Taking new ideas from development to policy and practice
WWF has also worked to disseminate new ideas: sustainable development, biodiversity and the ecological footprint – taking these words, and the concepts that lie behind them, and introducing them to the wider world.
None of this could have come about without the support of others – from governments to individuals. Richard Sandbrook was one of those individuals who always supported WWF’s mission, usually behind the scenes, applying his sharp mind to plans or his great strategic sense in negotiations and international fora. The development, worldwide acceptance and continuing influence of the World Conservation Strategy – a cooperation between the International Union for the Conservation of Nature, UNEP and WWF in 1980 – is perhaps the most significant and lasting example of Richard’s dedication to what we now know as sustainable development. He was deeply influential in defining that idea, and bringing to it international prominence.
Population growth and unsustainable consumption: the need for long-term strategy
However, the twin drivers of a growing world population and current modes of production and consumption continue to work together to hobble progress towards that vision of sustainability. That is why WWF has set itself two overarching, linked, longer-term goals, to be achieved by 2050.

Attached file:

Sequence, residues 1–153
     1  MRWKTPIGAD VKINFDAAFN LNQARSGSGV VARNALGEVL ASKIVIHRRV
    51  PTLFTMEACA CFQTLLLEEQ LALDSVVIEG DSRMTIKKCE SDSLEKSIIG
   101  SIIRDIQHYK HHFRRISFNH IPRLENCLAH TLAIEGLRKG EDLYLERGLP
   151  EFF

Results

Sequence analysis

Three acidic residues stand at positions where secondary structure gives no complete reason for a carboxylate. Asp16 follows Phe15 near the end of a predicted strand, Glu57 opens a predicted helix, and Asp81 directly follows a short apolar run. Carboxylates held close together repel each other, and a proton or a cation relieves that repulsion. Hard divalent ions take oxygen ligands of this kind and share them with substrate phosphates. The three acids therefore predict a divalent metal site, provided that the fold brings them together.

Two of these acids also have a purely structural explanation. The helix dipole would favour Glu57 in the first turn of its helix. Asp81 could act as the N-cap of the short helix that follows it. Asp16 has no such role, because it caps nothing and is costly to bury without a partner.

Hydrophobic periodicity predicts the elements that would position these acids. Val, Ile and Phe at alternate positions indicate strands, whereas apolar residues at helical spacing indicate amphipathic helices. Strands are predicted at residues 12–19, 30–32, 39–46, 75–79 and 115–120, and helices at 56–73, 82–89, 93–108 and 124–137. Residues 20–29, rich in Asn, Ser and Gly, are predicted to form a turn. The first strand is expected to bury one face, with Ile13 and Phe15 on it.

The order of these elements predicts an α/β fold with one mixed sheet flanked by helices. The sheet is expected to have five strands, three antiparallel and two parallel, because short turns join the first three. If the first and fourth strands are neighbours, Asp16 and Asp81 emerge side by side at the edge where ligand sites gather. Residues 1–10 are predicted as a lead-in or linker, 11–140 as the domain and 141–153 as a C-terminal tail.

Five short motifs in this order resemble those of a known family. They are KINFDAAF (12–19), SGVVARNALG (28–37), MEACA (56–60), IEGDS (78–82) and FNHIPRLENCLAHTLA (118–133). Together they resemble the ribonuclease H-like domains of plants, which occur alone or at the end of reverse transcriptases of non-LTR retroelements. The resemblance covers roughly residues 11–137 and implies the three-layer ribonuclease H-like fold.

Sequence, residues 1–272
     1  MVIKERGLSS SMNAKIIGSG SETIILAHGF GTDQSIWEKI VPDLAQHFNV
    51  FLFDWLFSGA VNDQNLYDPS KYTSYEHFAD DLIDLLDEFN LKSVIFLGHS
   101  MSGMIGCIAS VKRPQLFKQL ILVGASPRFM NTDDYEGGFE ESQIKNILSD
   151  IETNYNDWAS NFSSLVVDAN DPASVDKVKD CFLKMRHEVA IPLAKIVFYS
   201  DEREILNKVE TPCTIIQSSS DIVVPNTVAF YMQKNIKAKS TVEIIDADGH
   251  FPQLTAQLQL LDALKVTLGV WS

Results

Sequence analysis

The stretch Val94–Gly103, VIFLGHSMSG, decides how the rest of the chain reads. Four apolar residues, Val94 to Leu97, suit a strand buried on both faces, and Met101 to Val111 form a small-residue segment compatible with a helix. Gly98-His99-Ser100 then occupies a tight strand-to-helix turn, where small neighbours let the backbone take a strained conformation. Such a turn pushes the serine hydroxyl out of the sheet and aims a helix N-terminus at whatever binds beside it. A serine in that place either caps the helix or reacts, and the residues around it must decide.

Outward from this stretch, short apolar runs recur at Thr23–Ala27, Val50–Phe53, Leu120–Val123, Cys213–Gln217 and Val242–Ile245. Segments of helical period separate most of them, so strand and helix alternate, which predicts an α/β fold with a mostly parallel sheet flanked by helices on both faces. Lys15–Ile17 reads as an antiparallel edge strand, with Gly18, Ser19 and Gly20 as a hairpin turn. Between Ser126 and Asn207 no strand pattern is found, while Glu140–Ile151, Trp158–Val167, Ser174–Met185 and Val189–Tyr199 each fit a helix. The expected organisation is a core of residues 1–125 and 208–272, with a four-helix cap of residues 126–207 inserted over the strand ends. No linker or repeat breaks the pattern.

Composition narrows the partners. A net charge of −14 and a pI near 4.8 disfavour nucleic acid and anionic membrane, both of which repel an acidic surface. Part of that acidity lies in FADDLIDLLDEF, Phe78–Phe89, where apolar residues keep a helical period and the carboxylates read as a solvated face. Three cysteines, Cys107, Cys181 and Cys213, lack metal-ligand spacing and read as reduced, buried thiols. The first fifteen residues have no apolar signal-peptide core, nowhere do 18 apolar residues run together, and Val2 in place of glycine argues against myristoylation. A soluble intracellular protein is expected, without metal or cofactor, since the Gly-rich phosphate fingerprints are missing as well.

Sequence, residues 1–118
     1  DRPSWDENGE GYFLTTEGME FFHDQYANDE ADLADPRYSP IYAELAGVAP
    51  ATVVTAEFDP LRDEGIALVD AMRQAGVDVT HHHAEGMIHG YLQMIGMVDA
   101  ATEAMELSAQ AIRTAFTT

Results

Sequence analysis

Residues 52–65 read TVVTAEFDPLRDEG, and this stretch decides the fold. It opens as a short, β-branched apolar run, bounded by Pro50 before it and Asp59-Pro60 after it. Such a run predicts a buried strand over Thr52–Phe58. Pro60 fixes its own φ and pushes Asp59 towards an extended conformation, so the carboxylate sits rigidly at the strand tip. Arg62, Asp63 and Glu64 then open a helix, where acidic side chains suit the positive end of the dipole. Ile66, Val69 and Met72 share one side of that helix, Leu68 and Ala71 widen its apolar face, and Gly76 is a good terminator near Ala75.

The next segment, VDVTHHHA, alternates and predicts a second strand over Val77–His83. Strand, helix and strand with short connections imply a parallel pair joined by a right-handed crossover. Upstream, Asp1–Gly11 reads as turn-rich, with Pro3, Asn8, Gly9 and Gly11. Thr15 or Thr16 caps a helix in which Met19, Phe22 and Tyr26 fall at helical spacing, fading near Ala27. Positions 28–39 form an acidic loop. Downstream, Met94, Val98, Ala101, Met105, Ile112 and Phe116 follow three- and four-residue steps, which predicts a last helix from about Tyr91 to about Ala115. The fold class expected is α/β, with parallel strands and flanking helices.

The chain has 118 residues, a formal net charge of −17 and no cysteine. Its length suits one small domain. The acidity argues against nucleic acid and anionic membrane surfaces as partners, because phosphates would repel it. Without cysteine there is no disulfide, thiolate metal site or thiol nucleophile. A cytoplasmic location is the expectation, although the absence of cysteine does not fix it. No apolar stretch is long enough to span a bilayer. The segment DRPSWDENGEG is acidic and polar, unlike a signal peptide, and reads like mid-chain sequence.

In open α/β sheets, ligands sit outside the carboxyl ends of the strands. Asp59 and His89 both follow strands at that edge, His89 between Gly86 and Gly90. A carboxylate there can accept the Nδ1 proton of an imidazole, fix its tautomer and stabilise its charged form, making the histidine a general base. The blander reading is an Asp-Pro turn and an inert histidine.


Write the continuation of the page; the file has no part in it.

Firstly, we are determined to ensure that humanity’s global ecological footprint is reduced to, and remains within, the Earth’s capacity to sustain life, and that the natural resources of the planet are shared equitably.
Second, and linked to this, is our determination to conserve the integrity of the most outstanding natural places on Earth, contributing to a more secure and sustainable future for all. That will mean demonstrating that success is possible: working with producers and buyers to bring sustainability to global markets as well as with governments and communities to secure lasting conservation of some of the most extraordinary places on Earth – from the Amazon to the Arctic.
An urban world, separated from its relationship with nature
Enlisting the support of not just millions but billions of people, on every continent, to the urgent cause of building a vibrant, prosperous, sustainable future is vital. It is not made any easier by today’s urbanized world, where more than half of humanity lives in towns, cities and megacities – increasingly detached from the natural systems that support all life.
Supporting the next generation
So perhaps our greatest challenge is amongst young people, many of whom have no experience or understanding of how dependent we all are upon the natural world in all its wonder. The battle to which Richard Sandbrook was dedicated, the challenge he relished, was changing minds, helping build a world in which people live in harmony with the natural world. With this legacy, we must continue to work hard and achieve lasting conservation impact.